This study evaluated the effectiveness and acceptance of four connected vehicle features, i.e. Emergency Electronic Brake Lights (EEBL), Emergency Vehicle Warning (EVW), Roadworks warning (RWW) and Traffic Condition Warning (TCW) which were presented via a mobile phone mounted near the line of sight. A driving simulator study was conducted in which 36 drivers were exposed to different levels of urgent and critical situations. They involved the approach of an emergency vehicle, an emergency braking of a lead vehicle, a roadworks area and a congested section of a road. All these events took place in a simulated motorway scenario. In the EEBL event, the vehicle braking ahead with the brake lights on was either visible or not (between-subjects). Whereas no effect of RWW and TCW were observed on driving behaviour, results showed that drivers who were shown the EEBL warnings had shorter braking and decelerating response times, and a slower mean speed during the events, and this was independent of brake lights visibility. The EVW resulted in participants giving way to the emergency vehicle (i.e. staying on the slow lane instead of overtaking slower vehicles) more frequently than those who did not receive the warning. The mobile phone app was accepted and considered usable. Locating the mobile phone in different locations within the drivers' line of sight (i.e. dashboard, instrument cluster) did not impact significantly neither drivers' attitudes nor behaviour. Additional in-vehicle information systems could enhance safety and allow emergency vehicles to get faster to their destination.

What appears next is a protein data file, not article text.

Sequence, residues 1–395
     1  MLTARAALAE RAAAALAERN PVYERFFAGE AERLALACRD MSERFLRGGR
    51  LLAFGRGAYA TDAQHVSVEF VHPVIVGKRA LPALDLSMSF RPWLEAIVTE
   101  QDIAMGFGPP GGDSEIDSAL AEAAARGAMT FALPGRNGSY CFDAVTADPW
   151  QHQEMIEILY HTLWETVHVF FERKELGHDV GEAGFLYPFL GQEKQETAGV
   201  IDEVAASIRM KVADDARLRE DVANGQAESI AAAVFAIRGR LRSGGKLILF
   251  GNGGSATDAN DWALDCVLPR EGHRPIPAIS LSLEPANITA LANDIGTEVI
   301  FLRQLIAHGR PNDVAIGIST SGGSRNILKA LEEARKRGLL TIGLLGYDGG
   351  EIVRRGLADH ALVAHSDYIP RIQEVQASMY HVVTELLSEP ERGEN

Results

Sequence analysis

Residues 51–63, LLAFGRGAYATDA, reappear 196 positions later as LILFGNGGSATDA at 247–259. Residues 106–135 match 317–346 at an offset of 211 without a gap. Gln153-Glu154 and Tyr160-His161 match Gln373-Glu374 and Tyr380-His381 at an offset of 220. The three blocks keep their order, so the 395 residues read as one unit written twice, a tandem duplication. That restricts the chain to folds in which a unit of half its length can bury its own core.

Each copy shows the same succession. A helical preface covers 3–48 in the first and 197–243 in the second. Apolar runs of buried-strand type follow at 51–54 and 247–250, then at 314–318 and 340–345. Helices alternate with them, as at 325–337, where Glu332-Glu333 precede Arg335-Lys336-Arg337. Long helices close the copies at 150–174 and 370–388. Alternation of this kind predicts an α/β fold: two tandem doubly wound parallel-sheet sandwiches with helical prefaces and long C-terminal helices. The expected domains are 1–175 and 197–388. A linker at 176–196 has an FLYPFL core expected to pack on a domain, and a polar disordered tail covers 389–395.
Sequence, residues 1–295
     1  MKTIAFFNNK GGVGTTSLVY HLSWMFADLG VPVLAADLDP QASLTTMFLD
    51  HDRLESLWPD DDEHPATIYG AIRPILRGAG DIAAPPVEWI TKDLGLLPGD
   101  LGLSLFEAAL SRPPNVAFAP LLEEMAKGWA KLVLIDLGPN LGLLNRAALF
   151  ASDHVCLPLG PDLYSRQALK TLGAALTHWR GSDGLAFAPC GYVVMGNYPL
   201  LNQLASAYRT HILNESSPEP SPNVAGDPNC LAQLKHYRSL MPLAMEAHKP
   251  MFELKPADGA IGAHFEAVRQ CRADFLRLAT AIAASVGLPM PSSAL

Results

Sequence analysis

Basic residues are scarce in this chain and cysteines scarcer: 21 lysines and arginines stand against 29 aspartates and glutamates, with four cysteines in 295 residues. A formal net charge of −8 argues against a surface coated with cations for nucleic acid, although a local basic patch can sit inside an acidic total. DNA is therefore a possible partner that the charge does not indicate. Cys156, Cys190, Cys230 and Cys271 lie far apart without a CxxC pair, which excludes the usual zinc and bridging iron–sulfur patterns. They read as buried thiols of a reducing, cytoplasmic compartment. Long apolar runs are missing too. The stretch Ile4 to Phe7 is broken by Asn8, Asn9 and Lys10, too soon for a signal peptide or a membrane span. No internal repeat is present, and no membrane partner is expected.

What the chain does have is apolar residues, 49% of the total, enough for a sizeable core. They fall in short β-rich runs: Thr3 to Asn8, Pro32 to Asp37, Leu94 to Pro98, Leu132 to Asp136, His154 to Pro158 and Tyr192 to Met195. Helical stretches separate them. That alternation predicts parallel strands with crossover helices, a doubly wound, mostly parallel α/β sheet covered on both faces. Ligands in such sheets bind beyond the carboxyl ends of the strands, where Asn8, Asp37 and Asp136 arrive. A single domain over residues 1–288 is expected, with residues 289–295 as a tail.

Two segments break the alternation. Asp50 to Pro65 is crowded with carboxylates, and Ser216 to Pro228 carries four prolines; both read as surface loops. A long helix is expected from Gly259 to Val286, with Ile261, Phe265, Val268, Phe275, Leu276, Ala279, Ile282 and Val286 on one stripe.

Bibliographical noteCrown Copyright © 2019. Published by Elsevier Ltd. All rights reserved.
- Connected vehicle
- Emergency electronic brake lights
- Emergency vehicle warning
- Human machine interface
- Mobile phone app
- Road safety
ASJC Scopus subject areas
- Human Factors and Ergonomics
- Physical Therapy, Sports Therapy and Rehabilitation
- Safety, Risk, Reliability and Quality
- Engineering (miscellaneous)